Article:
The concern that Gulf oil and riches be available to support the ailing British economy was extended by the early 1970s to the U.S. economy, which was visibly declining relative to Japan and German-led Europe. Furthermore, control over oil serves as a means to influence these rivals/allies, a fact noted in the internal record in the early post-war years. One of the major architects of the New World Order of that day, George Kennan, advised that Japan should be helped to reindustrialize within the U.S.-dominated global framework, but that the U.S. should keep control of its energy system, which would give the U.S. “veto power” if some time in the distant future, Japan might get out of hand. That “veto power” is not as strong today, with the decline of U.S. hegemony; but influence over oil production, prices, and access is still not a negligeable factor in world affairs. And as the U.S. and Britain lose their former economic dominance, privileged access to the rich profits of Gulf oil production is a matter of serious concern.

Capital flow from Saudi Arabia, Kuwait, and the other Gulf principalities to the U.S. and Britain has provided significant support for their economies, corporations, and financial institutions. These are among the reasons why the U.S. and Britain have often not been averse to increases in oil price. The issues are too intricate to explore here, but these factors surely remain operative. It comes as no great surprise that the two states that established the imperial settlement and have been its main beneficiaries and guarantors are now girding for war in the Gulf, while others keep their distance.

Also worth noting is a division in the Arab world. By and large, support for the U.S. military initiative tends to decline as the influence of the public increases. Commentators have occasionally noted that support for the U.S. military initiative was least in the governments that had “nascent democratic movements”: Jordan, Algeria, Yemen, and Tunisia (Judith Miller, New York Times). Administration analysts expressed concern that if U.S. troops were kept in place too long, the “Islamic religious periods” (the Hajj and Ramadan) would allow more expression of popular feelings and “could set off protests and perhaps coups” that “could topple western-oriented governments in the region and cut the diplomatic ground out from under US-led troops facing Iraq” (Peter Gosselin, Boston Globe). Similar concerns are regularly voiced about the home front. The standard conclusion is that the U.S. must therefore strike fast. Fear of the public is a normal feature of statecraft, as familiar as it is instructive.

The New World Order

Secretary Baker’s comments on the new “era full of promise” raise another issue relevant to explanation of the U.S.-U.K. stance. The New World Order that has become a virtual cliche since August is real enough, though the lovely phrases about peace and justice are another matter.

Basic elements of the New World Order were coming into focus 20 years ago, with the emergence of a “tripolar world” as economic power diffused within U.S. domains. The U.S. remains the dominant military power, but its economic superiority, though still manifest, has declined, and may well decline further as the costs of Reagan’s party for the rich fall due. The collapse of Soviet tyranny adds several new dimensions. First, new pretexts are needed for Third World intervention, a serious challenge for the educated classes. Second, there are now prospects for the “Latin Americanization” of much of the former Soviet empire, that is, for its reversion to a quasi-colonial status, providing resources, cheap labor, markets, investment opportunities, and other standard Third World amenities. But the U.S. and Britain are not in the lead in this endeavor. A third important consequence is that the U.S is more free than before to use force, the Soviet deterrent having disappeared. That may well increase the temptation for Washington to transfer problems to the arena of forceful confrontation. The United States intends to maintain its near monopoly of force, with no likely contestant for that role. One effect will be exacerbation of domestic economic difficulties; another, a renewed temptation to “go it alone” in relying on the threat of force rather than diplomacy, generally regarded as an annoying encumbrance.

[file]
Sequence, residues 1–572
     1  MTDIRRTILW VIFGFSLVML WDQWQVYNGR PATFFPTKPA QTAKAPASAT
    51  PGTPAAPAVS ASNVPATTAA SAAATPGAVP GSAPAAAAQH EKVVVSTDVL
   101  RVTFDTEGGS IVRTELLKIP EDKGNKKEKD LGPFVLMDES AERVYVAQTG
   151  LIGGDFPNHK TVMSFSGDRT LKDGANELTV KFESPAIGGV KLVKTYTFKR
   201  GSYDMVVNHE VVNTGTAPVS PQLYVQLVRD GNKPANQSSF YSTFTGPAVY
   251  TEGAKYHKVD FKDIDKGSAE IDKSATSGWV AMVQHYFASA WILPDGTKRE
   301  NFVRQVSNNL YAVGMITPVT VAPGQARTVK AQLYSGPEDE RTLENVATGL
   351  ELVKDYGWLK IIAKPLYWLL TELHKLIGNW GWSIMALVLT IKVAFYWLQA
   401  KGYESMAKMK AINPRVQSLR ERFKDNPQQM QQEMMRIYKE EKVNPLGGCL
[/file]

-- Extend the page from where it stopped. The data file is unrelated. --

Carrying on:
These factors too help to clarify the varied reactions to the Gulf crisis. War is dangerous; defusing the crisis without a demonstration of the efficacy of force is also an unwelcome outcome for Washington. As for the costs, plainly it would be advantageous for them to be shared, but not at the price of sacrificing the role of lone enforcer. These conflicting concerns led to a sharp elite split over the tactical choice between the threat of force and reliance on sanctions, with the Administration holding to the former course.

In the New World Order, the Third World domains must still be controlled, sometimes by force. This task has been the responsibility of the United States, but with its relative economic decline, the burden becomes harder to shoulder. One reaction is that the U.S. must persist in its historic task, while others pay the bills. Deputy Secretary of State Lawrence Eagleburger explained that the emerging New World Order will be based on “a kind of new invention in the practice of diplomacy”: others will finance U.S. intervention to keep order. In the London Financial Times, a respected commentator on international economic affairs described the Gulf crisis as a “watershed event in US international relations,” which will be seen in history as having “turned the US military into an internationally financed public good.” In the 1990s, he continues, “there is no realistic alternative [to] the US military assuming a more explicitly mercenary role than it has played in the past” (David Hale, FT, Nov. 21).